Cosmetics firm confirms 600 jobs in jeopardy

Up to 600 jobs are under threat at a multinational cosmetics manufacturer in Co Tipperary, it was revealed tonight.

Up to 600 jobs are under threat at a multinational cosmetics manufacturer in Co Tipperary, it was revealed tonight.

After a year-long review of Proctor & Gamble’s operations across Europe, the company confirmed it would detail a cost-cutting plan to staff at its Nenagh plant tomorrow.

Since last summer speculation has mounted the company plans to wind down manufacturing of skincare products at the factory.

Micheal Martin, Enterprise Minister, said staff would be given every support required if the worst fears are realised.

“We will be there to support the workers in any way we can into the future and state agencies will be asked of course to support in terms of whatever announcement may emanate from the company,” he said.

“We are aware of the ongoing concerns in relation to Proctor & Gamble for over 12 months. They are engaged in a significant restructuring programme and analysis of their worldwide operation.”

Mr Martin said meetings have taken place with the company and the IDA over the last year.

Procter & Gamble is the world’s top personal care products firm with a payroll of 135,000 in 80 countries around the world.

The firm has been based in the town for 25 years employing hundreds of local people making Max Factor, Oil of Olay, Hugo Boss and Cover Girl cosmetics for markets around the world.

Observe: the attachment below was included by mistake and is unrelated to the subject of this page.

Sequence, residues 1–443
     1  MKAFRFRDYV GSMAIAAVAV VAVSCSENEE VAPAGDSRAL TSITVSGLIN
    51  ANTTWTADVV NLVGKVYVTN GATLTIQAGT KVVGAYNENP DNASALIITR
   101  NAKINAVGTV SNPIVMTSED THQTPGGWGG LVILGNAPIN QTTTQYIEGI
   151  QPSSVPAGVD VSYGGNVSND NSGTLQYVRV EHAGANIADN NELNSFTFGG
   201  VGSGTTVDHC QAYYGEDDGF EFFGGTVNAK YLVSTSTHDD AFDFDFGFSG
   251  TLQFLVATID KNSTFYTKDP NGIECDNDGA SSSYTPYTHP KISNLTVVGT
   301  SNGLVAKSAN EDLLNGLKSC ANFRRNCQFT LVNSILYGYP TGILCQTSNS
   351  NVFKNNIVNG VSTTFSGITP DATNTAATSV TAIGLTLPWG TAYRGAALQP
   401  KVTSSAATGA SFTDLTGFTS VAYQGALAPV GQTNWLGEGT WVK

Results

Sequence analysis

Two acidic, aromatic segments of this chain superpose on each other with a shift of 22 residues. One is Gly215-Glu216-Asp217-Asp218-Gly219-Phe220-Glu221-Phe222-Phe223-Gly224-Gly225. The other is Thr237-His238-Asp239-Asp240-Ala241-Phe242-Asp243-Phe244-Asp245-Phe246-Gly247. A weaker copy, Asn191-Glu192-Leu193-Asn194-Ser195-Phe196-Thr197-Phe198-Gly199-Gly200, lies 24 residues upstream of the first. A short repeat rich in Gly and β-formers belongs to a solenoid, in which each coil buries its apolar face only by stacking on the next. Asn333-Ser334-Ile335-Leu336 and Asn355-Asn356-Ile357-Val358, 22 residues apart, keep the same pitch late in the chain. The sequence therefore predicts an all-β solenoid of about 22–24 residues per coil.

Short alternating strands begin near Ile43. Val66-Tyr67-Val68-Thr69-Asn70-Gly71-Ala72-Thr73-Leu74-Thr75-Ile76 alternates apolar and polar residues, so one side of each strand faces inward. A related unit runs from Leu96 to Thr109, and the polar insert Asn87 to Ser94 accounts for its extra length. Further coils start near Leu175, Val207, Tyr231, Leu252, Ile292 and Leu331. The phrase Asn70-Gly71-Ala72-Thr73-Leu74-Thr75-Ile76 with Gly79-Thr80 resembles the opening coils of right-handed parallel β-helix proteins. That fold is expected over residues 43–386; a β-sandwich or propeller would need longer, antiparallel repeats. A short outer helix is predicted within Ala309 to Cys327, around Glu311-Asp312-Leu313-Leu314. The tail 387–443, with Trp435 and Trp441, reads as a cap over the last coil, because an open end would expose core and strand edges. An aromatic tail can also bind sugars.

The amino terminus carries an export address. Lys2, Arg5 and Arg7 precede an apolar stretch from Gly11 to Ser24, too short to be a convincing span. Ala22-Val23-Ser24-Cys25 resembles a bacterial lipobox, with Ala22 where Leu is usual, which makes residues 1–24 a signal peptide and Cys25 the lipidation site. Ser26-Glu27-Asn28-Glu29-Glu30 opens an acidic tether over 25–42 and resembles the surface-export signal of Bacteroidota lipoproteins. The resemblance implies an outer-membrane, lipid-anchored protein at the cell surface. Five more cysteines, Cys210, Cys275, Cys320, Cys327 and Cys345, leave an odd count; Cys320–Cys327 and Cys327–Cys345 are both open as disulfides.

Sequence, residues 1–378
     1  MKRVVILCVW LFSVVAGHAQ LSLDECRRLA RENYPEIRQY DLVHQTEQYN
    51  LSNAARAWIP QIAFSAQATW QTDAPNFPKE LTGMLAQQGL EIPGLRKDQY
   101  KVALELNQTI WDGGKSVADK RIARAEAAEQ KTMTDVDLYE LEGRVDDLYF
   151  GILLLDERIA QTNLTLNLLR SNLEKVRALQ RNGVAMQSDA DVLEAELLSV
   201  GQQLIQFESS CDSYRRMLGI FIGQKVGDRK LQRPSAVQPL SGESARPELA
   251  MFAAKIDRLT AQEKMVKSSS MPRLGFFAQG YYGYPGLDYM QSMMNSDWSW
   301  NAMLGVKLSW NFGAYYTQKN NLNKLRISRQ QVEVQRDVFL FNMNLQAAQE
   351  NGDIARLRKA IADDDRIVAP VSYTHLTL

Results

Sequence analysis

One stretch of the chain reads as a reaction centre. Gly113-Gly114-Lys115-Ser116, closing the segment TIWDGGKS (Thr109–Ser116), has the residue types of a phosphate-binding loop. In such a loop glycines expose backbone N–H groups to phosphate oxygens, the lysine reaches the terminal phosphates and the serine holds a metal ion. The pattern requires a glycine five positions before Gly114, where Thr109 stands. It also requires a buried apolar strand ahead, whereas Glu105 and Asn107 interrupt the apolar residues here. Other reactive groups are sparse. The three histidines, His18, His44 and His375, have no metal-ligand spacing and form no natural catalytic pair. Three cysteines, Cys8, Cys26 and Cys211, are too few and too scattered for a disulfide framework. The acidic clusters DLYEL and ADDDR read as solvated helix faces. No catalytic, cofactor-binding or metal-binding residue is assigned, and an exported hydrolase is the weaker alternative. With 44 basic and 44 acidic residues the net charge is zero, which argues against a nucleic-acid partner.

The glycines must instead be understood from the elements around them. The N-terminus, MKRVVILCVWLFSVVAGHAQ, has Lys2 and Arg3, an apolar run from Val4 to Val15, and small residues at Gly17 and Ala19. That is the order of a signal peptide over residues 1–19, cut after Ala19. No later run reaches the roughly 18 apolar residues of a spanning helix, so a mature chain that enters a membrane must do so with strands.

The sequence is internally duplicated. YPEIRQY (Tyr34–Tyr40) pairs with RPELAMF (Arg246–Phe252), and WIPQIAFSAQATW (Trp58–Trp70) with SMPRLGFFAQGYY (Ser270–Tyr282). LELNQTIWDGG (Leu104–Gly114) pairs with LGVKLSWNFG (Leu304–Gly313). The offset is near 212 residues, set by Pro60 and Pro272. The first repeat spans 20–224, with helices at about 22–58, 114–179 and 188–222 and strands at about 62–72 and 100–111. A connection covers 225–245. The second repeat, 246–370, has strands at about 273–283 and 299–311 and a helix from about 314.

It is the biggest employer in the town.

In December 2005, all part-time positions at the plant were terminated and the company axed 75 jobs in February of last year.

Senator Kathleen O’Meara, Labour Party representative in the area, accused the Government of failing to support the area.

“The fact that the IDA has made no site visits to North Tipperary in over two years shows that we are not on the radar as far as this Government is concerned and are not a target for investment,” Ms O’Meara said.

“Unfortunately should the plant close it will be part of a wider trend that has emerged in the area in recent years.”

Tipperary has suffered in recent years with a number of firms shedding jobs.

Last April the BSN medical company based in Thurles revealed it would close by the end of the year with the loss of 80 jobs.

In 2001 GMX manufacturing axed 250 posts and the following year pharmaceutical company Aventis-Pharma also cut 250 jobs.

Staff at Erin Foods, in Thurles are also facing an uncertain future after the Competition Authority told its parent company Premier it had to off-load the business after a merger. It is now looking to sell Erin Foods as a going concern.

Noel Coonan, Fine Gael Senator for North Tipperary, claimed the pharmaceutical industry was in a perilous condition in Ireland.

“The Proctor & Gamble plant in Nenagh has been a tremendous benefit to the company’s international operations and I would urge the company to think very carefully before making any drastic decision over its future,” the senator said.

And Mr Coonan said the Nenagh workforce was one of the most dedicated and productive in Ireland.

Last year management at Proctor & Gamble revealed it was carrying out a review of its Irish and European operations with a view to cutting costs.

That assessment involved every aspect of the business from sourcing materials and production through to transport and the supply chain.

Proctor & Gamble also announced last month it was planning to invest in a factory in Poland. It is understood the company has already set aside €75m for that.

The factory should open in 2008 in Aleksandrow Lodzki, a small city, employing 200 people.

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